There is no doubting that people have become more aware of mental health over the past few years and whilst raising awareness will always be necessary, lifesaving and hugely important, we also need to start taking action to protect our mental health and implementing preventative measures. Performance Coach and positive psychologist Tabby Kerwin looks at how we can start developing a wellbeing toolkit in order to improve our emotional fitness.
When we feel a little sluggish, unfit or maybe a few pounds heavier than our body feels comfortable with, we do something about it. We join a gym, go for a walk or hook oursleves up with a couch to 5k app. We do what is necessary to improve our physical fitness.
So why then, when our minds are feeling a little sluggish, unfit and a little heavier than we feel comfortable with do we not engage in some kind of activities to boost our emotional fitness? We need a mind gym as much as we do a body gym.
When we consider physical health we think of all the positive things we can do to improve it, like exercise, yet when we think of mental health we still jump to those negative mind traps. We need to change this narrative and we can do that by focussing on our emotional fitness and boosting it.
I use the term emotional fitness to describe our level of wellbeing and mental health. Mental health and mental illness are two different things and we can be mentally healthy even if we have a diagnosis of a mental illness. But, in order to be healthy we need to get fit; emotionally fit. Being emotionally fit means focussing on the things that are good for our wellbeing.
Fitness, be that emotional or physical, shouldn’t just be something that we engage in once we start feeling unfit though. It should be something we implement into our daily lives as a protective measure and intervention for our health. The fitter we keep ourselves, the healthier we will likely be, so that means prioritising our emotional and physical fitness and there are countless things that we can do to support both at the same time.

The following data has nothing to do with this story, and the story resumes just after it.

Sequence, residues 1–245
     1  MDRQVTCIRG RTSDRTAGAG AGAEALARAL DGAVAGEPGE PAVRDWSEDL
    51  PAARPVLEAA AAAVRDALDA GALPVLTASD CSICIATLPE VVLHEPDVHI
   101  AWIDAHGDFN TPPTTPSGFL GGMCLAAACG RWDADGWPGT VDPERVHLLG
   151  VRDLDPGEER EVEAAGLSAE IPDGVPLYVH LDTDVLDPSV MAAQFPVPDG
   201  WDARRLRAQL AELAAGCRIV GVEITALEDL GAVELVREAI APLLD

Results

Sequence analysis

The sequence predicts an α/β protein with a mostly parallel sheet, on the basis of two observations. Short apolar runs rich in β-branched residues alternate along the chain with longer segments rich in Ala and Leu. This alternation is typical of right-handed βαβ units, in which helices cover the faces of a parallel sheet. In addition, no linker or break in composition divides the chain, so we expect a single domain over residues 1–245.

Physical and mental health are closely intertwined. In fact, when we engage in physical exercise it boosts our mood and when we engage in emotional fitness exercises it elevates our confidence and desire to become physically fit. Prevention is key here. Implementing simple, easy emotional fitness exercises we can engage in on a daily basis and that become part of a wider wellbeing toolkit that we can utilise whenever we need it.
Three emotional fitness exercises to start developing your wellbeing toolkit:
1. Box Breathing
Box breathing is great to bring a sense of calm and clarity, reduce the heartrate and control the stress hormone, Cortisol. Breathe in through your nose for 4 beats, hold for 4 beats, breathe out through your nose for 4 beats, and hold the outbreath for 4 beats. Repeat 4 times.
In positive psychology research, gratitude is strongly associated with greater levels of happiness helping people feel more positive emotions, improve health, become more resilient and have better relationships. Each night, write down three things you have been grateful for during the day and absorb the feeling of gratitude and positivity.
3. Emotional Check-in
Several times a day take a moment to check in with yourself. Ask yourself how you are feeling and ascertain whether your behaviour matches the emotion you are feeling. Be the awareness behind your emotions and not just the emotion itself. In other words, if you’re angry, be aware that you are not that emotion. You feel anger and you can feel that physically your heart rate is increased and your muscles are tense. Just because you feel anger does not mean you have to be angry. The more we become aware of our emotions, the more we start to respond appropriately rather than reacting to emotions and situations.
To buy Tabby’s Book:
‘The Three Ps: Possibility, Productivity & Performance’ visit: https://amzn.to/3essvBO